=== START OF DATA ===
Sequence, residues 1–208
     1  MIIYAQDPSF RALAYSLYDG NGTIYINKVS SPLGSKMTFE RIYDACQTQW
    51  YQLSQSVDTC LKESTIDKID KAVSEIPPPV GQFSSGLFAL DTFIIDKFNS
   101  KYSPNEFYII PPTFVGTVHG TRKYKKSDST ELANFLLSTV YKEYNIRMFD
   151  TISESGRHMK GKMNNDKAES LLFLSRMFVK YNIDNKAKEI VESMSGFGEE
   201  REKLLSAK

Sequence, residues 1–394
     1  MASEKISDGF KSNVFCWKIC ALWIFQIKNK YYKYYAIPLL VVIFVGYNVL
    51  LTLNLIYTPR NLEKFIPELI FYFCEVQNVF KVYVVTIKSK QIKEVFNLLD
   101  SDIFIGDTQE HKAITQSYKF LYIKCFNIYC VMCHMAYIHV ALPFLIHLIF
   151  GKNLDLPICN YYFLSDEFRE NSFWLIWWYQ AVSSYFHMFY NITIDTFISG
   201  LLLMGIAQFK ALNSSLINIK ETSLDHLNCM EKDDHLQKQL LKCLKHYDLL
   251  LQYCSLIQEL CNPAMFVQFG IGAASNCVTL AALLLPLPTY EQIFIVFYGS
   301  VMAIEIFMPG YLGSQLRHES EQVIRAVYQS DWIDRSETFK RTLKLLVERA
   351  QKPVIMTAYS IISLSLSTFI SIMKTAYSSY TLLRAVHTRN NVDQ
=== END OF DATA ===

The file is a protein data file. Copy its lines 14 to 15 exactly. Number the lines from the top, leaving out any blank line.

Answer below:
   301  VMAIEIFMPG YLGSQLRHES EQVIRAVYQS DWIDRSETFK RTLKLLVERA
   351  QKPVIMTAYS IISLSLSTFI SIMKTAYSSY TLLRAVHTRN NVDQ